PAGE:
Focus: Solid Acts Like a Liquid
Molecular beam epitaxy allows researchers to create thin slabs of materials with extremely precise control for use in the electronics industry and in basic physics research. A “substrate” crystal such as silicon serves as the base upon which atoms from a beam are deposited in layers. The deposited atoms tend to line up with those in the substrate, or at least in patterns strongly influenced by substrate atoms. Researchers have discovered many atomic configurations (“pseudomorphic phases”) that exist only in epitaxial films and not in the independently crystallized, or “bulk” material.
Physical properties can differ dramatically between bulk and epitaxial phases. For example, some of the transition metal silicides are bulk semiconductors but become metals under appropriate thin film conditions. Researchers hope to exploit that property to make microscopic metallic connections to semiconductor chips. Elio Moroni, of the Vienna Technical University, says that physicists must first understand and learn to control the many complicated atomic configurations available in these materials before they can be exploited.
Using computer simulations based only on basic quantum mechanics, Moroni and his colleagues studied elastic properties, which are closely related to electronic properties–the ones physicists ultimately need to control for industrial applications. They studied the effects of straining epitaxial crystal structures by varying the atomic spacing of the substrate. The team was surprised to find that variations over a range of 0.3 Å along certain directions with selected configurations of , , and cost no energy. The energy in the metal-silicon bonds and the total volume remained constant. Under these specific strains the materials seemed to react the way a liquid would–if squeezed in one direction, they would simply expand in another. The usual “harmonic” approximation for solids, by contrast, is that bonds act like coiled springs–as they are compressed or stretched, the energy increases with the square of the change in length. The authors explain the “supersoft” quality as a result of the many epitaxial phases available to these materials. As the bond lengths are forced to change, the crystals find alternate configurations with approximately the same energy and volume.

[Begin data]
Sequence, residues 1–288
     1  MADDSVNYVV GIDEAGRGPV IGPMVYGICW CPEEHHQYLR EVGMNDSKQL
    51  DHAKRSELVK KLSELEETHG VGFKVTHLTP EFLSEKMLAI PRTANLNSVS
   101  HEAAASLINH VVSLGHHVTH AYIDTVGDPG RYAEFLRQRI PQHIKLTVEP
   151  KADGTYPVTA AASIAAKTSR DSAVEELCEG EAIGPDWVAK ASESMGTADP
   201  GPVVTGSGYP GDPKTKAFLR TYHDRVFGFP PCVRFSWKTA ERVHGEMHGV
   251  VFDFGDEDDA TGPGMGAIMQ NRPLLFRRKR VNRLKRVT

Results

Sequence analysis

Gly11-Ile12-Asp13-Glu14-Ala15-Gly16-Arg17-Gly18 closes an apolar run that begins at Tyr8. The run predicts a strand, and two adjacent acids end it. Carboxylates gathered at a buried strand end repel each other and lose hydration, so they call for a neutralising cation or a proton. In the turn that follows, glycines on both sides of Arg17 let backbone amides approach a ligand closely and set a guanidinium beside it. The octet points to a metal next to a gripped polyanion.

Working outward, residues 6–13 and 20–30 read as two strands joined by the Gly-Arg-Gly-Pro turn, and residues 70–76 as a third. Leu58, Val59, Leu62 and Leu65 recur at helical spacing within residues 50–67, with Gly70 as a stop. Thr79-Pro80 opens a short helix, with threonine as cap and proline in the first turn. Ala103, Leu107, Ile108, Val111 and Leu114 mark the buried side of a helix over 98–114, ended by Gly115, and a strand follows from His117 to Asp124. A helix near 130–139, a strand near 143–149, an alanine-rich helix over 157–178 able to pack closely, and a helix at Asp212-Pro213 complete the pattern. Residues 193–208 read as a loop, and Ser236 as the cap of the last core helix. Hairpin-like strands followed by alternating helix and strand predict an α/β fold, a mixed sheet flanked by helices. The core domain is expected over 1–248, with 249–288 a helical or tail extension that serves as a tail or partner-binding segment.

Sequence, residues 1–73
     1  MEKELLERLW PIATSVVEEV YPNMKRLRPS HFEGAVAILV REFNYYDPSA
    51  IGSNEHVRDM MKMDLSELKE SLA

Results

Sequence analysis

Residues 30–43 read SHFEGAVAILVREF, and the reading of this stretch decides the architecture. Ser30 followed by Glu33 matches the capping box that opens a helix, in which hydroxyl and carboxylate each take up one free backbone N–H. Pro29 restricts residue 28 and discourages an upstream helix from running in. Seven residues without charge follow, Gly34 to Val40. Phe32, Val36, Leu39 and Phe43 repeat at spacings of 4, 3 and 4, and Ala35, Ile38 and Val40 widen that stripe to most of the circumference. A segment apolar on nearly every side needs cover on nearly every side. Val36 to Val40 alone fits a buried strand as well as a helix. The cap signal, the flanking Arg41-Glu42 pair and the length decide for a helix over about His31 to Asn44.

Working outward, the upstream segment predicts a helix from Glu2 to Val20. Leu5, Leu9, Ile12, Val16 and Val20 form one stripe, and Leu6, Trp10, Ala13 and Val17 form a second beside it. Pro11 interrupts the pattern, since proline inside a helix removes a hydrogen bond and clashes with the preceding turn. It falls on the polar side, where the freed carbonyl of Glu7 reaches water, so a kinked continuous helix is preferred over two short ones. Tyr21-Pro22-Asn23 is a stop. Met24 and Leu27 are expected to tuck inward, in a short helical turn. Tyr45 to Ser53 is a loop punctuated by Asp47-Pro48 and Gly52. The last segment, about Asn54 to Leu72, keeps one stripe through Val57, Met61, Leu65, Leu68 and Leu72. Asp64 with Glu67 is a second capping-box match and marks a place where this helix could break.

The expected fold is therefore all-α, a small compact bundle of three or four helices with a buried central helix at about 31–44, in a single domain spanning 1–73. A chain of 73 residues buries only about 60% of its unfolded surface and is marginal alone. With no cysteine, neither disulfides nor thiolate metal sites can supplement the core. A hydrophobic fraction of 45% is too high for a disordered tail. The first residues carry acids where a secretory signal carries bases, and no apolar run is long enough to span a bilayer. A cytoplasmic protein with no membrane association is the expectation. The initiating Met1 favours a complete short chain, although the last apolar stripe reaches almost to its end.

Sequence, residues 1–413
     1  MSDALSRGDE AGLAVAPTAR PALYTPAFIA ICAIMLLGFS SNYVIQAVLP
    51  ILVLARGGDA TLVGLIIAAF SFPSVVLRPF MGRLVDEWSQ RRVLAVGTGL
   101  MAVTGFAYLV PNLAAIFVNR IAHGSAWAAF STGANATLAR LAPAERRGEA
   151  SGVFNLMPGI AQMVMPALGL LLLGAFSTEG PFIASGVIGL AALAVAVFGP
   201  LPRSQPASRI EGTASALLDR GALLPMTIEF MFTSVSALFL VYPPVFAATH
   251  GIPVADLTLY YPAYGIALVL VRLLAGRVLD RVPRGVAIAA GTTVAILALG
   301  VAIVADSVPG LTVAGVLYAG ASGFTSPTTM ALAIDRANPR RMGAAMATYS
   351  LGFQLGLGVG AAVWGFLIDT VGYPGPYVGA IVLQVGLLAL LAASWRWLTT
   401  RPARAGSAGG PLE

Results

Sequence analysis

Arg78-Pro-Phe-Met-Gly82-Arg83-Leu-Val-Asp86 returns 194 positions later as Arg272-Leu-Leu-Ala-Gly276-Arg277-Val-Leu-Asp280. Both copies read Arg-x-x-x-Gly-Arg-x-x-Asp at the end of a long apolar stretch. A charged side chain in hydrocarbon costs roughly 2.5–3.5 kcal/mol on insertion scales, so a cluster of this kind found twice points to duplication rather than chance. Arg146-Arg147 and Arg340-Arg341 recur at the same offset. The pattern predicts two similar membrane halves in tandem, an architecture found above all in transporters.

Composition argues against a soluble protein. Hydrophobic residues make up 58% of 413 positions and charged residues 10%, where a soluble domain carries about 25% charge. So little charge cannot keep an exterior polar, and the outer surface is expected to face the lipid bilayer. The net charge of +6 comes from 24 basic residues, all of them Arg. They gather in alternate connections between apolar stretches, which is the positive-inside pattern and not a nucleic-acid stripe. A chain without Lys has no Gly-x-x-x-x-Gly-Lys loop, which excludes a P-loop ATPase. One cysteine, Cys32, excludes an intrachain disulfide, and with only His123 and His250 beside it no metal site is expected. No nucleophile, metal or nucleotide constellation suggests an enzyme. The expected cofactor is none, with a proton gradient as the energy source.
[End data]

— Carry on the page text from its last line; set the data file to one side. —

Hans von Känel, of the Swiss Federal Institute of Technology (ETH) in Zurich, calls the results “absolutely amazing,” since the elasticity ofepitaxial phases is usually completely normal, responding like a spring. He says the community had assumed that the elasticity of these heavily studied materials was well understood and expects the paper to stimulate many of his colleagues to begin trying to verify the Viennese group’s predictions.